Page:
Negativity exists in every relationship. You fight with your spouse, you nag the kids to get ready faster in the morning, or your best friend takes a bit of well-meaning advice badly. There’s no getting around it, nor should there be. Conflict provides us with huge opportunities for learning about one another and personal growth. We need negativity to build stronger relationships with our partners, children, and friends.
However, conflict goes bad when the happy times no longer outweigh the bad times. And I don’t just mean being off by a percentage of two. Your relationships should be way off balance – the positive interactions must far outweigh the bad. In fact, Dr. John Gottman has developed a ratio for predicting the success of marriages. It’s 5:1. In other words, you need five times as many positive interactions as negative ones for a relationship to work.
Think about your children. When you have a bad day with them during an otherwise great week, you recover faster from the bad day, and you don’t feel as guilty, knowing that the days prior were great. However, when you have a string of bad days, you know instinctively that you have to start fresh and shift your mood, your approach, or your attitude.
The great news is that studies show that our well-being does not hinge on the intensity of happy experiences, rather the frequency. This means that building in brief periods of positive time, on a regular basis, with your loved ones will go a long way to a successful relationship.
Let’s apply this principle to the workplace.
As leaders, we know that perfect harmony does not make for a truly productive work environment. When people care passionately about their work, they tend to butt heads. We need to allow room for those momentary flare ups. But what if every staff interaction feels cantankerous? It’s time to work toward a 5:1 Ratio.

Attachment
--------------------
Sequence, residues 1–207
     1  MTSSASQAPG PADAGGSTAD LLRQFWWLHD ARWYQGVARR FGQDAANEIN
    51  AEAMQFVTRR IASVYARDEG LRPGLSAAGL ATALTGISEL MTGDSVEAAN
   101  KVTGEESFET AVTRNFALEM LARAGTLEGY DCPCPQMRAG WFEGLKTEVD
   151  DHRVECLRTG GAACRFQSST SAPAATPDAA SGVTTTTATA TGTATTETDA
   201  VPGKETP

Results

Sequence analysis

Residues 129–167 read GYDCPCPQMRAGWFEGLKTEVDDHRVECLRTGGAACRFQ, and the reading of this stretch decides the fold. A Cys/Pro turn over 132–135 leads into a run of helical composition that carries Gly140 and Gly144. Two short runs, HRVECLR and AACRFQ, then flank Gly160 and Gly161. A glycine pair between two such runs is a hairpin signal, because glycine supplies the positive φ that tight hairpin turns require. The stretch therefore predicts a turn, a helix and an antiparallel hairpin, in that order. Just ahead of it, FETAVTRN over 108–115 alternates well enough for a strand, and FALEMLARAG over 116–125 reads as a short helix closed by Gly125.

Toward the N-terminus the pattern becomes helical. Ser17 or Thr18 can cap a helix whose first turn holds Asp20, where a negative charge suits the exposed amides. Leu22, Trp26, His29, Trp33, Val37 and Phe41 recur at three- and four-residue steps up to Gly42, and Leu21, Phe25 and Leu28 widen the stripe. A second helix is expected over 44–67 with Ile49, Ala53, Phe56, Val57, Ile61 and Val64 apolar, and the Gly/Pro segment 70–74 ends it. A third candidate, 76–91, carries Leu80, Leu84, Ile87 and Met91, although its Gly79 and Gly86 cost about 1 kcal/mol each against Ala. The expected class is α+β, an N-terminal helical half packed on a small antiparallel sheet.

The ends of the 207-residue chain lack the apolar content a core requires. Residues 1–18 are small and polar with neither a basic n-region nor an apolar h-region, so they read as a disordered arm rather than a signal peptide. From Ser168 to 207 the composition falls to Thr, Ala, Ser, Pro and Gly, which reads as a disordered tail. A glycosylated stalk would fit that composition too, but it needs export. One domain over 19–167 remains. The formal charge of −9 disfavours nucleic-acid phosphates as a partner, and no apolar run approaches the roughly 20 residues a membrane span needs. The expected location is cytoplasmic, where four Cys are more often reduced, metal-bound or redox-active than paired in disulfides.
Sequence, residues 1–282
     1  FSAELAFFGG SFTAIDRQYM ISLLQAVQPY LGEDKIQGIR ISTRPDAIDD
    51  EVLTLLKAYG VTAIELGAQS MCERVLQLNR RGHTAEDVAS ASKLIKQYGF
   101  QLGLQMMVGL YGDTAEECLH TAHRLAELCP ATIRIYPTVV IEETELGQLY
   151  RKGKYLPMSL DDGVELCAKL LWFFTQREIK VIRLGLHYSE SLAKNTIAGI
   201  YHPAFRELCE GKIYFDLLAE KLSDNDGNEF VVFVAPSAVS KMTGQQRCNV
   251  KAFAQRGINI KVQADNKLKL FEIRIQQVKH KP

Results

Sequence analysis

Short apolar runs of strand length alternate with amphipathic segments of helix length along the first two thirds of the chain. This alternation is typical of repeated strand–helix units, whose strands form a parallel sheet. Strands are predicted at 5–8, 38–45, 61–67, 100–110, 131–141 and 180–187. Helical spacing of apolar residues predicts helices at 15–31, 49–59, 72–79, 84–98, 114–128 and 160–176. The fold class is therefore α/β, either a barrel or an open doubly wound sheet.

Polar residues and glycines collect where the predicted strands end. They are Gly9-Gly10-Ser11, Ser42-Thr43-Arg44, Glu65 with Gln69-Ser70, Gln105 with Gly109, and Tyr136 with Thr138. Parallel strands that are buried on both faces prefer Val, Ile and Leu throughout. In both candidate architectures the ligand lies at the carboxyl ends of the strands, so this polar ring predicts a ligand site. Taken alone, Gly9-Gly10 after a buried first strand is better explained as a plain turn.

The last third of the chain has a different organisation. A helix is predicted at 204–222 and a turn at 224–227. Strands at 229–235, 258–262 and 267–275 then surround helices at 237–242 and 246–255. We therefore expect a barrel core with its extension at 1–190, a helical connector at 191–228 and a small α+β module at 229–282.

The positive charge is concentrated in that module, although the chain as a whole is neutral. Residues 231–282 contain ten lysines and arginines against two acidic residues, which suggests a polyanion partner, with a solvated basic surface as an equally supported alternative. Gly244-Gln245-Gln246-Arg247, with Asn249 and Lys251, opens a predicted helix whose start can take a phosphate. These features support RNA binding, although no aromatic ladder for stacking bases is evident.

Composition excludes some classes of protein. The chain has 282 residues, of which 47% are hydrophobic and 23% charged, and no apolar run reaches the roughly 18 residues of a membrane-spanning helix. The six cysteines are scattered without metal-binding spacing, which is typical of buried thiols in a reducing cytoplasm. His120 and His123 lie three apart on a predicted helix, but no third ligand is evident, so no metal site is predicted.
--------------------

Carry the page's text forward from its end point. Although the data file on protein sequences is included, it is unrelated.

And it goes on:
Just like at home with your spouse and children, it is not the grand gestures that make the real difference – they won’t really help smooth over those rough moments. Think about the boss who takes his staff out for drinks every Friday night, but is a total monster all week. Do the drinks really matter?
You’ll make more of an impact by intentionally employing the 5:1 Ratio. Stop and say good morning. Ask your assistant about her daughter’s school performance. Have regularly scheduled coffee breaks and lunches with your team. Take a deep breath before showing your frustration.
And, building a friendly rapport with your employees will make it infinitely easier to have that difficult conversation down the road. It will also build your confidence in the relationship, which allows for both parties to bounce back from conflict faster, ready to tackle the next challenge and get work done.
Think of this as the first time in your life you are going to try to be off balance – and then watch your relationships grow.